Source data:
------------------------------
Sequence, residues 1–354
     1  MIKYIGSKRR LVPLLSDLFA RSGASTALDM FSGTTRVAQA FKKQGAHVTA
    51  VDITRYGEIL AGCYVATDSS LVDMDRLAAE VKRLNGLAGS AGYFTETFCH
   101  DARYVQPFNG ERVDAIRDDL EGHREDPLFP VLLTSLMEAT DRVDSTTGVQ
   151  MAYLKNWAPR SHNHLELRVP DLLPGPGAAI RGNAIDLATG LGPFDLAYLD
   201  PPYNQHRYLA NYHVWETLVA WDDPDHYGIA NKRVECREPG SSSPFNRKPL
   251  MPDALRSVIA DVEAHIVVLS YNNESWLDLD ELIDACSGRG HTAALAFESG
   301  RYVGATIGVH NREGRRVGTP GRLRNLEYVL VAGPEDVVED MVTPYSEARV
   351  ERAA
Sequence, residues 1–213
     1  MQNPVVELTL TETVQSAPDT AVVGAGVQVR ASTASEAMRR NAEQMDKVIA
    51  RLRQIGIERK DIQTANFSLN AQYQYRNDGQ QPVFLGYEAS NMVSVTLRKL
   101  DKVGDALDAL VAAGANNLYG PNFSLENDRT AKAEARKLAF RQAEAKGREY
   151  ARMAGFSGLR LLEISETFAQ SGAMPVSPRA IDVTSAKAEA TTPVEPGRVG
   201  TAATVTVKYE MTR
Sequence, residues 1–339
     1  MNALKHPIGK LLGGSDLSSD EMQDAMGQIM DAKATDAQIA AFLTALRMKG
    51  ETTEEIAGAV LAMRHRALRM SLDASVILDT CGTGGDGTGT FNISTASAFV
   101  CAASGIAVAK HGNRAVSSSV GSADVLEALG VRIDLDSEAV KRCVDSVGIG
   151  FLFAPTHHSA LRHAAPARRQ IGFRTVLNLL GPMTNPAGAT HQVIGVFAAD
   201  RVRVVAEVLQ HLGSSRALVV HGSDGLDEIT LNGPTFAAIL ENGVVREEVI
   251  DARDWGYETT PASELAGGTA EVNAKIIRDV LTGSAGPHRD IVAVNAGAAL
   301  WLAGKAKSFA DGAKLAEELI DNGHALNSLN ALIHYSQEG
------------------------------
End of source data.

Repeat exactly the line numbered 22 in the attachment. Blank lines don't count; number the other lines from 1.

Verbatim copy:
   251  DARDWGYETT PASELAGGTA EVNAKIIRDV LTGSAGPHRD IVAVNAGAAL